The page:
A special committee of six board members of the Canadian Television Fund (CTF) will soon make recommendations to address the thorniest issues involved in ensuring ctf-funded docs reflect Canadian culture.
The committee, co-chaired by Toronto-based Breakthrough Films & Television president and producer union reps Ira Levy and Claire Samson, was struck in mid-February after unflattering stories circulated in Canadian media about doc projects being denied funding – ostensibly for failing at least two of the CTF’s essential requirements: reflecting Canadian themes and subjects, and being shot and set in Canada. Although the CTF said the stories were erroneous, they raised burning issues about future funding for Canadian doc-makers.
Vancouver-based producer David Paperny worries about his one-hour Discovery Health special Thirst for Life, which is in post but has the CTF asking questions about its Canadian relevance – and possibly pulling about CDN$50,000 (US$41,000) from the $250,000 (US$207,000) budget. The subject, which explores the health benefits of red wine, is based on U.S. and French research and sources.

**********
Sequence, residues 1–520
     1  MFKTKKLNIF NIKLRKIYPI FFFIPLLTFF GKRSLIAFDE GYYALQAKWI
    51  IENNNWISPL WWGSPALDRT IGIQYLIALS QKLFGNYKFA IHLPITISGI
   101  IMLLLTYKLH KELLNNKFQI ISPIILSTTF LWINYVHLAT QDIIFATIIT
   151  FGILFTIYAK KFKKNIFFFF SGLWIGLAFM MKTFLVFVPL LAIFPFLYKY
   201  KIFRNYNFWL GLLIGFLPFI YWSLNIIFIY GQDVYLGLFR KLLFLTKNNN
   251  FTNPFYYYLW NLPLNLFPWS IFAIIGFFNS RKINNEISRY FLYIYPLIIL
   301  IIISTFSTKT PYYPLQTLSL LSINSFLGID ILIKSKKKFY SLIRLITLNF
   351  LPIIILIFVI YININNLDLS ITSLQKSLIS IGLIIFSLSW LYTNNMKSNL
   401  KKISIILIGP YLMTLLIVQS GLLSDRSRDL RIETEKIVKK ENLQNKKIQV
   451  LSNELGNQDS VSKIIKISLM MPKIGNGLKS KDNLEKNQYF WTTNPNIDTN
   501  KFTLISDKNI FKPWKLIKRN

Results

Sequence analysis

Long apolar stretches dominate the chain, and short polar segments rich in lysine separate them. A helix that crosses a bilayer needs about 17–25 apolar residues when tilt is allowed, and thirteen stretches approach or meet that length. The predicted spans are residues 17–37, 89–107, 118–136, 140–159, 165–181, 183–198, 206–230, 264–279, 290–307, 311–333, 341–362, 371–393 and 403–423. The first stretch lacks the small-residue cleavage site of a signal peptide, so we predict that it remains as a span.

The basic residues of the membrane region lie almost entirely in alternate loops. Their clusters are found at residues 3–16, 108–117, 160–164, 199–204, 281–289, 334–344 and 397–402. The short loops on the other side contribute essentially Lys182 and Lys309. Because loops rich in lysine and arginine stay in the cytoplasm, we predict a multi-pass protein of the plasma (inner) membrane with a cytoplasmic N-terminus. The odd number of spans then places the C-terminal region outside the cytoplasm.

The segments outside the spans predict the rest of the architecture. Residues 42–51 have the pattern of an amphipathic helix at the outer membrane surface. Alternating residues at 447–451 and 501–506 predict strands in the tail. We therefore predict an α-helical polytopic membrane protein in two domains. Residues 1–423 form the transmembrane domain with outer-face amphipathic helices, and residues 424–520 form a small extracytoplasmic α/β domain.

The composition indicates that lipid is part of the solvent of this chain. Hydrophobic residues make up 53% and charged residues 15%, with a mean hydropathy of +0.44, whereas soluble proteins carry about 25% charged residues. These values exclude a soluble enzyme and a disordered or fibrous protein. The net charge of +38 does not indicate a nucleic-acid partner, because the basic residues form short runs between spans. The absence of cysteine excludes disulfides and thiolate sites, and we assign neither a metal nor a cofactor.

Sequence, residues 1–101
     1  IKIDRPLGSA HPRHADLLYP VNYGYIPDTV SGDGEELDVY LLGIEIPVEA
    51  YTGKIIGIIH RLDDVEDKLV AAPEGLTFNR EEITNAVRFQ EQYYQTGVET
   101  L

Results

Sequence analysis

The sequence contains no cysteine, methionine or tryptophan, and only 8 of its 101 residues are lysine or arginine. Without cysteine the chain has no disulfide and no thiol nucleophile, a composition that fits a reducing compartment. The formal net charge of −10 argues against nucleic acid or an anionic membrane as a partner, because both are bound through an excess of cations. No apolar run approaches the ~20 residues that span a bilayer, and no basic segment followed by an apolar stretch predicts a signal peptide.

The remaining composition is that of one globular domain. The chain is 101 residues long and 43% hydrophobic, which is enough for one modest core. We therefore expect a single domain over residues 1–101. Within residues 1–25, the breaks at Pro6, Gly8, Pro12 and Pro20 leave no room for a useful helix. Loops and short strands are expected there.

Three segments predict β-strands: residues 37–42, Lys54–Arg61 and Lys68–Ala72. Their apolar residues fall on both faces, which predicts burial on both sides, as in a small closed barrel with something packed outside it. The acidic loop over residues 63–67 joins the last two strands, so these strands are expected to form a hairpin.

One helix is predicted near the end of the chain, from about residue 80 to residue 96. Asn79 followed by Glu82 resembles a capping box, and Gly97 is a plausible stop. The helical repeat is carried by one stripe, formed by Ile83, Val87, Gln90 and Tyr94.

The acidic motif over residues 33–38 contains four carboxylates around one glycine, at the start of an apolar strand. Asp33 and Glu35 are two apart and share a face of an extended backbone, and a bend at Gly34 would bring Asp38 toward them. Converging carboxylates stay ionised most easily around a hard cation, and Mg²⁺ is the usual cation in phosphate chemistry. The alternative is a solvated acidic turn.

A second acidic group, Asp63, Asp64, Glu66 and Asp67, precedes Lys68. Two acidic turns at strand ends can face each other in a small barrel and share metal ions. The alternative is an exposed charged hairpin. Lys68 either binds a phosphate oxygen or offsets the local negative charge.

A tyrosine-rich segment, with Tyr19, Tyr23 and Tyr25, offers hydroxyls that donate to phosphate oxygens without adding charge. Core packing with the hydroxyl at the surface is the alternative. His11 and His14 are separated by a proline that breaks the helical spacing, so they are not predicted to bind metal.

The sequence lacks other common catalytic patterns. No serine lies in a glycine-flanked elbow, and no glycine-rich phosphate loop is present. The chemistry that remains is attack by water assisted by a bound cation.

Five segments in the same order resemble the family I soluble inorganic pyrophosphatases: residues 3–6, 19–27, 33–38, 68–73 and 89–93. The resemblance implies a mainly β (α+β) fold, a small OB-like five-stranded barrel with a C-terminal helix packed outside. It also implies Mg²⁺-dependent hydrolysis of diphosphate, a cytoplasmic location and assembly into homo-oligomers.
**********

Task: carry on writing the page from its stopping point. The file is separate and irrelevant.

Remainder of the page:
Paperny says that for the first time, the ctf has required a contract stipulating content – for instance, using Canadian statistics and experts, even though the acknowledged experts come from Harvard and France. ‘This is something we’ve not seen before,’ says Paperny, calling the situation a ‘dark shadow’ on Canadian documentary filmmakers. ‘The CTF wants to drive the content of the show and we’re not happy about it.’ Thirst for Life is set to air May 29. Paperny delivered a cut to the CTF in mid-March and is waiting to hear whether he’s met the requirements of the content contract.
In an interview with Canadian media mag Playback, Levy admitted the existing guidelines are problematic for doc-makers. ‘The rules haven’t changed,’ he says. ‘The application of those rules has been more stringent.’ Levy would not disclose the recommended changes because they had not been presented to the ctf board. The proposed amendments, though, reflect how docs have evolved and are aimed at helping the guidelines ‘catch up with the times,’ he says. Explains CTF president and CEO Sandra Macdonald: ‘Last fall, the CTF board and staff identified a growing gap between the ‘classic’ documentary, which the CTF supports, and the lighter factual programming that broadcasters increasingly prefer to air.’ In the most recent year, says Macdonald, 23 projects raised concerns related to eligibility, only five of those because of Canadian-content criteria, but those were approved.
Macdonald says her hands are tied by the cultural requirements of the Department of Canadian Heritage, which will again invest $100 million (US$83 million) in 2005/06 for the second part of a two-year installment.
Levy’s working group will also recommend amending the definition of docs eligible for funding. If approved, the modifications would be implemented for the current 2005/06 funding year.
(A version of this story appeared in Playback.)